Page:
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Over the eight years Barack Obama served as the 44th U.S. President, his wife Michelle found her voice both beside him and on her own. Following the Obama era, the couple have continued to be involved in the public space, such as through their deal with Netflix. A documentary about Michelle Obama called Becoming recently hit the platform, but the spotlight is firmly pointed on the former First Lady.
Becoming follows Michelle Obama during the 34-city book tour of her 2018 memoir of the same name, as she shares her personal journey of growing up in the south side of Chicago, college life, motherhood and other experiences. The documentary showcases Michelle inspiring Americans, especially young people of various backgrounds and visiting her family members along the way. Becoming director Nadia Hallgren discussed the choices made in the new Netflix film with these words:
We didn't feel like we needed to have people speaking to her story for her, she tells it from her perspective and she does it so well. The time when President Obama does come on the scene, it's just really fun to see them interacting with each other. They have a very playful and loving relationship, and I think some of those moments speak much louder than any words could express. Like that moment when they're leaving the arena during her tour and she asks him what he thought of the show. It's such a revealing moment of the type of relationship they have and it also talks to the point that even though she is who she is, she wants encouragement and reassurance from her husband and she really values his opinion.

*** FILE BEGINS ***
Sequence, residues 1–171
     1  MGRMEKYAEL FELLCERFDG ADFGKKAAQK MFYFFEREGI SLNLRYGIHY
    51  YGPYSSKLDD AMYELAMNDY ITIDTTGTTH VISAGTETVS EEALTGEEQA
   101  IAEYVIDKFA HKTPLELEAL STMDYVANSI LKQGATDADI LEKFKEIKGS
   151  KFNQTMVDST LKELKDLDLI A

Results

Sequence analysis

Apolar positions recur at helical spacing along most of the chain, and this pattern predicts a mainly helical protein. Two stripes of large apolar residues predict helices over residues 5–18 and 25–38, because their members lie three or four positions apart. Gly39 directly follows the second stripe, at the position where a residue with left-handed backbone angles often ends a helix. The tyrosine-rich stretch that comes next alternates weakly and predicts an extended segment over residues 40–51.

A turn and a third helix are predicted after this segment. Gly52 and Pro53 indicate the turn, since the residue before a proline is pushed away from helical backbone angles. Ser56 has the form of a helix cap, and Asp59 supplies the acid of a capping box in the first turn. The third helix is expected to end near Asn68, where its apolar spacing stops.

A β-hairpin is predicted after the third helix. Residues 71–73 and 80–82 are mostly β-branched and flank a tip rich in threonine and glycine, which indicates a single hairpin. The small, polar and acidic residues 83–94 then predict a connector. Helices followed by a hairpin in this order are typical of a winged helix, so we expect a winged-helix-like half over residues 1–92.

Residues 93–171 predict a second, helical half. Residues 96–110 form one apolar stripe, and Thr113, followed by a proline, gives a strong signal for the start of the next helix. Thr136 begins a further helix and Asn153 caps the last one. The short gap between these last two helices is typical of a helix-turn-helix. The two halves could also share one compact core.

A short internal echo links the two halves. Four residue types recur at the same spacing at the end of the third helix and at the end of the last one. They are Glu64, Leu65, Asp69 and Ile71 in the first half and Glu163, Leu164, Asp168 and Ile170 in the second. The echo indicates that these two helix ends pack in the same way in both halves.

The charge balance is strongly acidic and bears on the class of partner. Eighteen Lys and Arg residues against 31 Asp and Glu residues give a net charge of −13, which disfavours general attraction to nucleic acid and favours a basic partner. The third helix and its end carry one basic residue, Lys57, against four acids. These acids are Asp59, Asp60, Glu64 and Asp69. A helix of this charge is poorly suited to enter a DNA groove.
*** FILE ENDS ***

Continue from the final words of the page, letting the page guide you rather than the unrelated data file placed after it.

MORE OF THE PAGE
While it might be expected for the former president to be at the center of Michelle’s story, Nadia Hallgren sought out to make a movie truly from the perspective of the First Lady. As Michelle explains in the documentary itself:
So little of who I am happened in those eight years. So much of who I was happened before.
Becoming includes moments of Michelle returning to her childhood home in Chicago and reflecting on the struggles she faced long before she married Barack and entered the White House. Barack Obama certainly does come up over the course of the film, such as when Michelle dives into the personal attacks the former president received as the U.S. leader.
The new documentary has received positive reviews from critics, who have collectively awarded the film a 93% on Rotten Tomatoes. Entertainment Weekly’s Kristen Baldwin called Michelle Obama “a natural storyteller – candid and witty, punctuating anecdotes with perfect pause-for-applause comic timing.” Other critics have applauded the film for highlighting Michelle’s side of things.
Barack Obama produced Becoming alongside Michelle following another collaboration with Netflix on the March documentary Crip Camp, which is about a New York summer camp that bred a group of activists who campaigned for disability rights. The Obamas will also produce the adaptation of sci-fi drama Exit West that explores refugee issues through a story about a city that has doors that can serve as portals to other places. Rogue One’s Riz Ahmed is set to star.
Becoming is available to stream on Netflix now. Check out what else is hitting the platform this month here.